Senator Kathleen C. Passidomo
President, The Florida Senate
404 South Monroe Street
Tallahassee, FL 32399
Representative Paul Renner
Speaker, Florida House of Representatives
402 South Monroe Street
Tallahassee, FL 32399
Re: HB7/SB 300 threatens health, rights, privacy, and dignity
Dear President Passidomo, Speaker Renner, and members of the Florida Legislature,
We write to you on behalf of Human Rights Watch to express our strong opposition to
House Bill (HB) 7/Senate Bill (SB) 300, which would ban abortion after 6 weeks of pregnancy. This extreme abortion ban would violate human rights and deny Floridians the ability to control their own bodies, lives, and futures. We strongly urge you to vote against this cruel and intrusive legislation.
Human Rights Watch is a global human rights organization with offices throughout the world, including in Miami, Florida, and an active committee of constituents from and throughout the state. We have extensively documented how laws and policies that restrict access to abortion threaten the health and lives of pregnant people around the world, including in the state of Florida. In February 2023, we published a report documenting the extraordinary barriers young people under 18 face in trying to access abortion care in Florida under the state’s existing 15-week ban and forced parental consent mandate. A 6-week ban will severely exacerbate and compound these existing barriers, placing abortion access completely out of reach for many young people in the state.
In 2020, the Florida legislature enacted legislation requiring that a parent or legal guardian provide consent for anyone under 18 to access abortion care. Studies in various states have shown that a significant majority of youth seeking abortion care involve a parent or another trusted adult in their abortion decision, even when state law does not require it. The alternative for young people who do not involve a parent-often because they fear severe and irreparable consequences-is to petition a state trial court judge for a court order in a confusing, difficult, and burdensome process called “judicial bypass.”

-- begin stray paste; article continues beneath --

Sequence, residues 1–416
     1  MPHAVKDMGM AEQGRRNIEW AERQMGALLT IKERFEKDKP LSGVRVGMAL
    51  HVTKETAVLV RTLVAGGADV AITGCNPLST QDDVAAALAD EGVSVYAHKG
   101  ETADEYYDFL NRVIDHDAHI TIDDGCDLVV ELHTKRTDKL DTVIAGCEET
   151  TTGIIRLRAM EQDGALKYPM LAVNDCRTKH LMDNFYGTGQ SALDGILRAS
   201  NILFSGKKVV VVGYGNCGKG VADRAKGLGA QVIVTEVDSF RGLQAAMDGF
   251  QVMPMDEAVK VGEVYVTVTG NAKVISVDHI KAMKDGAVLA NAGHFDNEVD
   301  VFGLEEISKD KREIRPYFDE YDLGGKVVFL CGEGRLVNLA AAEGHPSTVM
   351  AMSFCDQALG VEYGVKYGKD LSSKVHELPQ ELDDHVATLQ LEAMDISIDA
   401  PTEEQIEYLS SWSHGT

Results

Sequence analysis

Human Rights Watch found that some Florida judges routinely deny young people’s requests to access abortion care without parental involvement, blocking or further delaying their ability to access time-sensitive care. We obtained and analyzed data from Florida courts on the judicial bypass process in recent years, including statewide statistics on petitions filed, granted, and dismissed, as well as publicly available court records from cases decided by appeals courts. Our analysis shows that young people in Florida who lack a supportive parent or legal guardian to involve in their abortion decision are subject to a judicial veto of their human right to access abortion care.
Each year, about 200 young people go through judicial bypass in Florida. A recent article in the American Journal of Public Health estimated that about 15 percent of those under 18 who obtain abortions in Florida each year go through the process. In 2020 and 2021, judges denied more than 12 percent of their petitions. Vague criteria in state law enable highly arbitrary decision-making, with judges making decisions based on factors such as the young person’s grades and impressions of their demeanor during a nerve-wracking hearing.
The delays caused by navigating judicial bypass-especially when young people’s petitions are denied-can make abortion inaccessible. In this context, given the hurdles and delays in the bypass process and the state’s high denial rate, a six-week ban could block nearly all abortion access for young people without a supportive parent or legal guardian to involve in their decision.
In addition, a 6-week ban would have deeply harmful effects on the populations that are already disproportionately harmed by Florida’s existing abortion restrictions, including Black, Indigenous, Latinx, and other people of color; lesbian, gay, bisexual and transgender (LGBT) people; immigrants; people with lower incomes; and people in rural communities. Abortion restrictions like those imposed in Florida are a form of racial and economic discrimination, in that they disproportionately harm Black, Indigenous, and other people of color, as well as people with lower socioeconomic status. National data show that people of color need abortion care more frequently than white people for a variety of reasons, including disparities in rates of unintended pregnancy; economic, geographic, and social barriers to accessing health care; and unequal access to health insurance and contraception.